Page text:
At the grounds phase of the trial on a TPR petition, the circuit court properly ordered Mary G. to provide the State with notes from her mental health treatment provider and appropriately considered evidence regarding Mary’s failure to manage her medications.
While therapy notes are ordinarily privileged under § 905.04(2), there’s an exception to this privilege for communications relevant to a patient’s physical, mental or emotional condition when the patient “relies upon the condition as an element of the patient’s claim or defense….” § 905.04(4)(c). That exception applies in this case:
¶13 Here, the conditions of the children’s return hinged on Mary G.’s ability to comply with her mental health needs. Mary G. called her therapist to testify in her defense. A significant part of her defense to the continuing CHIPS ground was her compliance and progress in therapy with Shorehaven [Behavioral Health]. By relying on her therapist’s notes herself, Mary G. made the privileged communications an element of her defense. Thus, the communications were not privileged.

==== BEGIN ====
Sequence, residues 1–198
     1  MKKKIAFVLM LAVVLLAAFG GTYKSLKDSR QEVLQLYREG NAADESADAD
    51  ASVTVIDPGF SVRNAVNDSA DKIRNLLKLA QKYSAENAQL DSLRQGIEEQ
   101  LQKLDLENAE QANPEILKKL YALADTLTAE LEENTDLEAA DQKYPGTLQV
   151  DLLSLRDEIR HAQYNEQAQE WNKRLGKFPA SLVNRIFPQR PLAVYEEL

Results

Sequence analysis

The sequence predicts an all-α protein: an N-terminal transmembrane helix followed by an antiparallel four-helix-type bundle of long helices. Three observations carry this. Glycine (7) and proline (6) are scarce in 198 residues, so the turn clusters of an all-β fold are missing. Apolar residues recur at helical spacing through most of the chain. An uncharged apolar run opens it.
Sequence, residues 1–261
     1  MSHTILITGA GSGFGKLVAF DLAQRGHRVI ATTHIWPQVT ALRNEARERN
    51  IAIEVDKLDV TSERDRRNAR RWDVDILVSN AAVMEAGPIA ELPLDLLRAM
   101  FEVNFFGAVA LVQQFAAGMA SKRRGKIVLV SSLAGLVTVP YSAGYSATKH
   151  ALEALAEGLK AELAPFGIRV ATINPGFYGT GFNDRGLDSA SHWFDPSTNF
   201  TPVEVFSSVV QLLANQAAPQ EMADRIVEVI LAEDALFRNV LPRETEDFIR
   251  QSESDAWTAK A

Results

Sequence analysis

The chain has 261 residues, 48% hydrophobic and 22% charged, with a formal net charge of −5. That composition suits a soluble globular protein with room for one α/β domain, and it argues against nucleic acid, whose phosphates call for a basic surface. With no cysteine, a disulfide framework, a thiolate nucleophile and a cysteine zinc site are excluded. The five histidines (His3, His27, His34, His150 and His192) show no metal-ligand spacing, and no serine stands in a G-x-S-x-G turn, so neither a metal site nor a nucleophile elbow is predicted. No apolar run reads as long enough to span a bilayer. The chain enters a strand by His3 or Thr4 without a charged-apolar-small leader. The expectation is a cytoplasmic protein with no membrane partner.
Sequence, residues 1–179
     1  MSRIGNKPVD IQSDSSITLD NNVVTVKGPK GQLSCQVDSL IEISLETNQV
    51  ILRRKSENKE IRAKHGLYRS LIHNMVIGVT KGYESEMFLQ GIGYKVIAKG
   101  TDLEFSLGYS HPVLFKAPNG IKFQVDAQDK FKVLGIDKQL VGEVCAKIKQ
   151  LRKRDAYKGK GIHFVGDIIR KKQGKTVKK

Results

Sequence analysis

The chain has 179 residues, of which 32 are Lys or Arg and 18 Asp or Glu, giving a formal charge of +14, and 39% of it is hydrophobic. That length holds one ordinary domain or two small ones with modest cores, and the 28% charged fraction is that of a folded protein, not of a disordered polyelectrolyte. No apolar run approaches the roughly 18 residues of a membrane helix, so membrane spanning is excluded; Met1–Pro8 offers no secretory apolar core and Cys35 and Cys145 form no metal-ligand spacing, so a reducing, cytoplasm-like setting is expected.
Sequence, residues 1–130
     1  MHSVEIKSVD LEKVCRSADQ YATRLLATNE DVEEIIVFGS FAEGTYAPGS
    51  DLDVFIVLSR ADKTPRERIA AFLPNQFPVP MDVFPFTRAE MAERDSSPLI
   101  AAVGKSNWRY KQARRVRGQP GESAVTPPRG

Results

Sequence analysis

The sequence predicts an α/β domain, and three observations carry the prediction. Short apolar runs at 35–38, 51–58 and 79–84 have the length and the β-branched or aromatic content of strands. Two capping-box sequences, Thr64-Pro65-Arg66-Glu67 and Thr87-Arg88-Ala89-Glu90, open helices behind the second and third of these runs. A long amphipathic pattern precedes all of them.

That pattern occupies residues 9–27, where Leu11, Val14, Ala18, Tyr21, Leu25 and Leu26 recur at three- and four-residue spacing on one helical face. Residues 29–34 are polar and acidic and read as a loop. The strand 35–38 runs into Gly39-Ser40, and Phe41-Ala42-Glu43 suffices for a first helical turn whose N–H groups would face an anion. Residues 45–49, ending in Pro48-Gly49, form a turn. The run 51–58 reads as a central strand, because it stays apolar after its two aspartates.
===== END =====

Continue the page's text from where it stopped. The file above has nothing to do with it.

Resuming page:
And given that the conditions of return required Mary to participate in treatment for managing her mental health needs, the court could consider her medication compliance even though there was no specific language in the conditions of return requiring her to take medication. (¶15).